Daily Prospect Notes: 7/23/18

Notes on prospects from lead prospect analyst Eric Longenhagen. Read previous installments here.

Luc Rennie, RHP, New York Mets (Profile)
Level: Low-A   Age: 24   Org Rank: NR   FV: 30
Line: 7 IP, 4 H, 0 BB, 0 R, 14 K

Notes
Rennie is four appearances deep into his first year back in affiliated ball since 2015, when he was with Baltimore. He’s spent the last several seasons with Evansville in the independent Frontier League and was injured for a portion of that time. He was dominant for the Otters this spring and signed with the Mets earlier this month. Last night he pitched the game of his life and struck out 14 hitters, a Columbia franchise record, with most of them coming on a plus upper-70s 12-6 curveball. Rennie has five pitches. His fastball has natural cut, he has a two-seamer, an average mid-80s slider, that curveball, and a below-average changeup. He’ll run the fastball up to 95 but sits 90-92 and mixes his breaking balls well. Rennie is carrying a 0.83 ERA through 21.1 innings at Low-A.

Jerar Encarnacion, OF, Miami Marlins (Profile)
Level: Short Season   Age: 20   Org Rank: HM   FV: 35
Line: 2-for-4, 2 2B

Notes
Already a Jose Martinez-esque 6-foot-4, 220 at age 20, Encarnacion (formerly Yeral Encarnacion) is slashing .343/.358/.500 in the New York-Penn League. The power is real, as Encarnacion has thunderous, plus raw pop. But stiffness in the swing, an already maxed-out frame, and Encarnacion’s early 10:1 strikeout-to-walk ratio temper enthusiasm for his first month of ball away from West Palm.

Corey Ray, OF, Milwaukee Brewers (Profile)
Level: Double-A   Age: 23   Org Rank: 4 (107 overall)   FV: 50
Line: 3-for-5, 2 2B, HR

Notes
Ray is hitting .250/.360/.510 after a putrid 2017 that ended with him swinging through mediocre Fall League fastballs in the strike zone. He has 52 extra-base hits on the year, 19 of them home runs, and has stolen 30 bases in 34 attempts. Ray’s performance draws skepticism due to his age and the hitter-friendly run environment at Biloxi, but as long as he continues to play a close-to-average center field, walks, and generates power on contact like he has throughout his career, he’ll be a solid everyday big leaguer.

Notes from the Field
Under Armour held a high-school All-Star game at Wrigley Field on Friday night after the Cardinals’ drubbing of the Cubs led Joe Maddon to use three position players on the mound. I’ve altered a few tool grades and moved a few players onto the 2019 draft board to reflect what I saw, but notes on an evening of pretty good baseball played through intermittent rain and mist are below.

Georgia HS righty Daniel Espino has the best stuff in the high-school class right now. He was 95-99 in an inning of work on Friday night and flashed an above-average curveball. His delivery looks similar to that of weirdo Giants relief prospect Camilo Doval and even a bit like that of Hall of Famer Jim Bunning, though Espino’s torso is tilted as he rotates over his lower half while Bunning’s remained perpendicular to the ground. This delivery is atypical, certainly for a starter, and I expect the industry to be split on whether it’s sustainable over the course of 35 starts annually.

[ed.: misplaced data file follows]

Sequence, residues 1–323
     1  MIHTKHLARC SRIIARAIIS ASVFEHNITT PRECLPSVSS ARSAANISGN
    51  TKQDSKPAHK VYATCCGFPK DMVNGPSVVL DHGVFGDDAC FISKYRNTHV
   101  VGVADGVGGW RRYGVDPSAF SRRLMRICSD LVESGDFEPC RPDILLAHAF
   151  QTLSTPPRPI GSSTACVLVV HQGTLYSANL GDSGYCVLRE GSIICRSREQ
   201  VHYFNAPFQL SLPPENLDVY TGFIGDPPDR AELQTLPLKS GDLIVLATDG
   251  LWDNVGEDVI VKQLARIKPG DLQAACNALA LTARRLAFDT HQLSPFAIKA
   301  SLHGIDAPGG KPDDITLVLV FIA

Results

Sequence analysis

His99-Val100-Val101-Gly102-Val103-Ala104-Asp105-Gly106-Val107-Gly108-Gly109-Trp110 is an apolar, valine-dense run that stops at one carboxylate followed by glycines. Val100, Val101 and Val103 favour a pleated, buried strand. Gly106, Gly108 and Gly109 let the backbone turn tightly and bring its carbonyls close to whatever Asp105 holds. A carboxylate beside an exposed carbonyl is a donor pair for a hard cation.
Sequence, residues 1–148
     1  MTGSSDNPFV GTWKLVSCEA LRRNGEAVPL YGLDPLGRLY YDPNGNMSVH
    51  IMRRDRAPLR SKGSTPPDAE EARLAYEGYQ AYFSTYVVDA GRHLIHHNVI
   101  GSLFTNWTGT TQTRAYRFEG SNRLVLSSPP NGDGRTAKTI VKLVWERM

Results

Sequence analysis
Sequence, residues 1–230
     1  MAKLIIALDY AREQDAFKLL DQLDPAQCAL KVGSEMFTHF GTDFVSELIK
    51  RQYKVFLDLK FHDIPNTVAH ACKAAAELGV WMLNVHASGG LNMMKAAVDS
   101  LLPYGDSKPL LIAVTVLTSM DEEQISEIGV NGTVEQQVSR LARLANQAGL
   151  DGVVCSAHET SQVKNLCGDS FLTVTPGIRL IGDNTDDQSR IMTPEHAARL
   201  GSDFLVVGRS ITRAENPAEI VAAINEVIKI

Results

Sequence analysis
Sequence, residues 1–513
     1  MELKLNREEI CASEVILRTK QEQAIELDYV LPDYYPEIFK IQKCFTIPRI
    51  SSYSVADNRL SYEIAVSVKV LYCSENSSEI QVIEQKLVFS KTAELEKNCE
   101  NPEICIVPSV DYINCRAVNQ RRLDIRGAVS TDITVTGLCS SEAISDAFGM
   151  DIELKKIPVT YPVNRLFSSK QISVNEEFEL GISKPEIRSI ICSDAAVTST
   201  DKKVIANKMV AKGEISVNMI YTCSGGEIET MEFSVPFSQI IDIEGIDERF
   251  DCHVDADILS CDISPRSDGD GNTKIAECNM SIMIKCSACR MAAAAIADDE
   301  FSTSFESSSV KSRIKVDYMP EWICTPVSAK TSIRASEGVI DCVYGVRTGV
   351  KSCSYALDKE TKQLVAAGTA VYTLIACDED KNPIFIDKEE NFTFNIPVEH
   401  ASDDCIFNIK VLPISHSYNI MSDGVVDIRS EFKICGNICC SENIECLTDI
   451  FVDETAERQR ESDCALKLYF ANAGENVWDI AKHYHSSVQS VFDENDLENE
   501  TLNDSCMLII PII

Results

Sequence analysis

Juxtaposed against Espino’s delivery was that of Texas righty Matthew Thompson, whose delivery has ease and grace while producing a powerful fastball that was up to 95. This was the best look at the event: 92-95 with lots of room on the frame, the best delivery there, strikes, and a solid-average slider.

Two home runs were hit during the game. One was a 425-foot blast from Texas SS Bobby Witt, Jr. that left the bat at 104 mph and traveled an estimated 425 feet before it took one hop off the bleachers and onto Waveland Ave. This at-bat was a microcosm of Witt’s offensive profile (plus power, nobody sure how much he’ll hit), as he crushed a hanging curveball after fouling off several other hittable pitches.

The other home run was hit by Riley Greene and also came off a hanging breaking ball. It left the bat at 101.5 mph and traveled an estimated 391 feet, falling just shy of the right-field scoreboard. Greene also let a ball travel deep into the hitting zone later in the game and poked it the opposite way. He has arguably the best hit/power combination in the prep class.

Georgia prep SS C.J. Abrams is an 80-run shortstop with gap power in games. He posted several home-to-first times just beneath 4.00 seconds and topped 30 ft/sec on Statcast’s Sprint Speed metric. Two-sport prospect Jerrion Ealy from Carthage, MS reached a similar top speed and has at least 20 pounds on Abrams. He has some idea of how to get the bat on the baseball, but the swing is pretty rough.

Seattle HS OF Corbin Carroll also ran well, had the event’s most polished feel to hit, and has sneaky power for his size. Malvern Prep (PA) OF Chris Newell came to closest to squaring up Espino. He top-spinned 97 into shallow right field. Newell has solid feel to hit and his swing’s natural loft should help ensure he gets to some power in games.

The game featured two 2020 pitchers in RHPs Victor Mederos (FL) and Jared Jones (CA). Mederos was 92-94 with an above-average curveball which he back-doored a few times. Jones was 94-95 with a 40 slider.

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Eric Longenhagen is from Catasauqua, PA and currently lives in Tempe, AZ. He spent four years working for the Phillies Triple-A affiliate, two with Baseball Info Solutions and two contributing to prospect coverage at ESPN.com. Previous work can also be found at Sports On Earth, CrashburnAlley and Prospect Insider.

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